Thursday, Apr 26, 2018
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Farmer was Monclova Twp. leader

Calvin R. Tilton, who worked his 225-acre family farm in Monclova Township for nearly five decades and held several public offices in the township, including 19 years as clerk-treasurer, died Tuesday in Harborside Care Center in Swanton. He was 90.

The cause of death was not known.

Mr. Tilton will be remembered most for his kindness, and his dedication to his family, farm, and community, family members said.

“He was a caring person, and he wanted to be involved to make sure things got done,” said his daughter, Lacreta Lowe.

Mr. Tilton began operating a tractor when he was 12 years old on his grandparents' farm - on which he was born and later purchased.

He married the former Delberta Decker on March 31, 1934.

Among his many civic positions, Mr. Tilton was Monclova Township clerk from 1953 until 1972. The township was one of the first in Lucas County to institute zoning regulations in 1950. During Mr. Tilton's tenure as clerk, he handled many controversies over land-use rules, said his son James Tilton.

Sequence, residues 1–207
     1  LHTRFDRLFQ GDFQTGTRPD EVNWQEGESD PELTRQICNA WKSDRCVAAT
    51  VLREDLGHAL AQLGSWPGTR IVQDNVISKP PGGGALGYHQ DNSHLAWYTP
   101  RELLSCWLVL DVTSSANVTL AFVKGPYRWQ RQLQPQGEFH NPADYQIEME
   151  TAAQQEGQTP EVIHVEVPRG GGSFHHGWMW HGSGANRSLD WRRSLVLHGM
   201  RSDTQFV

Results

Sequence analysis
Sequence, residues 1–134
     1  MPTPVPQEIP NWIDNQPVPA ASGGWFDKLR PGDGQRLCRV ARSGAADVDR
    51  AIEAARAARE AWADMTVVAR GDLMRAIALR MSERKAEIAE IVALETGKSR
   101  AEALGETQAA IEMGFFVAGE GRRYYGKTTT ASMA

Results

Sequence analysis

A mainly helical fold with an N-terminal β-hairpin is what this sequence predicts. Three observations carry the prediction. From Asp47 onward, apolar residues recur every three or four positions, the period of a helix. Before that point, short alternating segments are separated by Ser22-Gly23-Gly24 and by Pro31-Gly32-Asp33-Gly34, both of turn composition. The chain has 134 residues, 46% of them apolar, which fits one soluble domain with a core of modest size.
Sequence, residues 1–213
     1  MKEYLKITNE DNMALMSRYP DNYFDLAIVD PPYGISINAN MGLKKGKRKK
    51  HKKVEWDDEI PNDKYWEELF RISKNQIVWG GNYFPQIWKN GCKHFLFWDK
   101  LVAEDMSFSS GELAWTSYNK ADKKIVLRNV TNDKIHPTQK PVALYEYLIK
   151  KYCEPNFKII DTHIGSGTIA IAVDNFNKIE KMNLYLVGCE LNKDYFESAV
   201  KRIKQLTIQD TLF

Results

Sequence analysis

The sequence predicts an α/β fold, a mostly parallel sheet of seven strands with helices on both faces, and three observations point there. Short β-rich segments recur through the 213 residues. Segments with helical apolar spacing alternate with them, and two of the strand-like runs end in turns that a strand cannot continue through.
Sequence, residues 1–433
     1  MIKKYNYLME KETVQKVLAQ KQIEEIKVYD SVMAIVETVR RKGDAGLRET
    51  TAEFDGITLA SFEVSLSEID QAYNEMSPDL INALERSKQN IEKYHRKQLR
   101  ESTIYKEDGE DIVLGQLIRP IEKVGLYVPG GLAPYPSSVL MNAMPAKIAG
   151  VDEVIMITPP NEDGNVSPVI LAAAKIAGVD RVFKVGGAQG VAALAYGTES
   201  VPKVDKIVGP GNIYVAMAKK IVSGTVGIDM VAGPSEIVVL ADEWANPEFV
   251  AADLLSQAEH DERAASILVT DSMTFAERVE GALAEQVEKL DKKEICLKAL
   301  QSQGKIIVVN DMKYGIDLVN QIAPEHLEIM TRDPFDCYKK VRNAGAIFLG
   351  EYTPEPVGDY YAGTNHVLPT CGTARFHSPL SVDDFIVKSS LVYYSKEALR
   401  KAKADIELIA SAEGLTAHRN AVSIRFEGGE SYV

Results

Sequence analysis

“He always wanted to promote the interests of the people in the township and the school district,” the younger Mr. Tilton said. “He helped develop the zoning in Monclova Township and helped it become what it is today.”

Mr. Tilton served on the Monclova Board of Education for four years, before the district was consolidated into the Anthony Wayne district. He later became secretary-treasurer of the Anthony Wayne Board of Education.

He also served as president of the Lucas County Farm Bureau, secretary-treasurer of the Lucas County Association of Township Trustees and Clerks, and zoning secretary for the Anthony Wayne Area Community Improvement Corp.

Farming and land use were major concerns of Mr. Tilton, his daughter said. In 1968, he received the “outstanding conservationist” award in Lucas County from the former Soil Conservation Service. It commended him for constructing a pond on his property along with drainage and erosion control measures.

In addition to working his farm, Mr. Tilton was a bus driver for Anthony Wayne schools for 12 years until he retired in 1972.

After retirement, Mr. Tilton and his wife moved to Sun City, Ariz., where they lived for eight years before moving to Waterville.

Mr. Tilton was a York Rite and Scottish Rite Mason and past master of his lodge.

His wife died nine years ago.

Surviving are his daughter, Lacreta Lowe; sons, James, Kenneth, and John Tilton; sisters, Marjorie Walbolt and Phyllis Aufdenkamp; 18 grandchildren; 31 great-grandchildren, and seven great-great-grandchildren.

Funeral services will be at 11 a.m. today in Waterville United Methodist Church. The Wells Funeral Home, Waterville, is handling arrangements.

The family requests tributes to the Browning Masonic Community in Waterville or Waterville United Methodist Church.

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